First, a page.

The Scotland police announced the move and hoped that women from Muslim community may now reconsider their decision to pursue career in policing.
In the past, Muslim police officers in Scotland were allowed to wear the hijab, but only once it was approved by senior staff members, reported the Independent.
In a statement, chief constable Phil Gormley said: “I am delighted to make this announcement and welcome the support from both the Muslim community, and the wider community, as well as police officers and staff.
The Metropolitan Police introduced the hijab as an optional part of the force’s official uniform in 2001 as part of a similar drive to recruit a more diverse mix of officers.
“Like many other employers, especially in the public sector, we are working towards ensuring our service is representative of the communities we serve. I hope that this addition to our uniform options will contribute to making our staff mix more diverse and adds to the life skills, experiences and personal qualities that our officers and staff bring to policing the communities of Scotland,” Gormley said.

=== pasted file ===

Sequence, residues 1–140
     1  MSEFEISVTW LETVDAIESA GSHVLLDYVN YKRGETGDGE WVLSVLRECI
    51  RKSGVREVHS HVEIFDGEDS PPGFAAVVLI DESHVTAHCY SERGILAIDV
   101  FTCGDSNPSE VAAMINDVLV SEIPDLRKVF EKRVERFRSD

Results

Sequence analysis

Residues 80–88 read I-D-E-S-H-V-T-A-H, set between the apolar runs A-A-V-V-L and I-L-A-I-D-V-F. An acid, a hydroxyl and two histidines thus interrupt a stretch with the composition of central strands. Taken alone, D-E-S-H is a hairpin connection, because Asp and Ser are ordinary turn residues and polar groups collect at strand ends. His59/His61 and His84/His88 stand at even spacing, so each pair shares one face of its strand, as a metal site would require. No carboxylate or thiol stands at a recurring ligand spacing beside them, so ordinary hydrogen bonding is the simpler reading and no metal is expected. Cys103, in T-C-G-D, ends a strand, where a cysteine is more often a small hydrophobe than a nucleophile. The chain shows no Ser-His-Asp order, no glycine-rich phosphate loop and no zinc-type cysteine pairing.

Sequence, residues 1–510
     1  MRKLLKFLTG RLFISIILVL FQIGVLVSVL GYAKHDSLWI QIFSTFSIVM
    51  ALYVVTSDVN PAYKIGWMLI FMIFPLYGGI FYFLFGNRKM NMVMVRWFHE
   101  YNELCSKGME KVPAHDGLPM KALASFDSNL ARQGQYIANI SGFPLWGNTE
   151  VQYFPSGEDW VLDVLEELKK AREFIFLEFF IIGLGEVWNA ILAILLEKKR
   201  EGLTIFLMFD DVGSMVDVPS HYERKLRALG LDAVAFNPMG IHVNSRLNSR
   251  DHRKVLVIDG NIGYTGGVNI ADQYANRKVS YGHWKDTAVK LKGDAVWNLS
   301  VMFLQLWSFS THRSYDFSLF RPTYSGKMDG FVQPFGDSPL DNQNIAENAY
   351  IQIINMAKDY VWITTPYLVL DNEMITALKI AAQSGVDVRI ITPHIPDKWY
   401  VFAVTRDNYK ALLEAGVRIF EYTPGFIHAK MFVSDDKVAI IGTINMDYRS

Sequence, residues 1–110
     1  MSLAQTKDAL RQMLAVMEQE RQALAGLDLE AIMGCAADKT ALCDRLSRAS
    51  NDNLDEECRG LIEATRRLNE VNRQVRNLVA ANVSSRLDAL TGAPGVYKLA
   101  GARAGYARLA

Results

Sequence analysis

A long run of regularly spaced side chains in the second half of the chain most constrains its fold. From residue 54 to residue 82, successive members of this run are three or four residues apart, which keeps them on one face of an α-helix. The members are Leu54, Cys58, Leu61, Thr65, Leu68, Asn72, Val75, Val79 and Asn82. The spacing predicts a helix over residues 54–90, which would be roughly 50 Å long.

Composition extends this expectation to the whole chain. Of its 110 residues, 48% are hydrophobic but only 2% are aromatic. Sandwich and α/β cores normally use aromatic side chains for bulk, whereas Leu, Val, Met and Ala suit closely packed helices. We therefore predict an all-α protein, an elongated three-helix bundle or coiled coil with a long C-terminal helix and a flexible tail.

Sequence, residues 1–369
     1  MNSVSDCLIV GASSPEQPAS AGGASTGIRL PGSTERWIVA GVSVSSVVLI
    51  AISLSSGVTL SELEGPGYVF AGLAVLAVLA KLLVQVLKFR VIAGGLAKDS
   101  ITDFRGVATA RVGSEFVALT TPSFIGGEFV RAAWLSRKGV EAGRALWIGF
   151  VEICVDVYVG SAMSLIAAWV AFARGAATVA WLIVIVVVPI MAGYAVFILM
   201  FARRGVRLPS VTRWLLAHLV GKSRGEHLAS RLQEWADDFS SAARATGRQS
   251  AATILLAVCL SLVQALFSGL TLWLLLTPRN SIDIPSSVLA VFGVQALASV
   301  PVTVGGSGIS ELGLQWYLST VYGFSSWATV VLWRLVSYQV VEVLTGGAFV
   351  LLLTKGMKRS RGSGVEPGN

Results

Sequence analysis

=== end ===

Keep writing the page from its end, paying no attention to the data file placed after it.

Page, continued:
The announcement was welcomed by the Scottish Police Muslim Association (SPMA), a group that aims to build links between Muslim communities in Scotland and the police.
Fahad Bashir, chair of the SPMA said: “This is a positive step in the right direction, and I am delighted that Police Scotland is taking productive steps in order to ensure that our organisation is seen to be inclusive and represents the diverse communities that we serve across Scotland.
“No doubt this will encourage more women from Muslim and minority ethnic backgrounds to join Police Scotland.”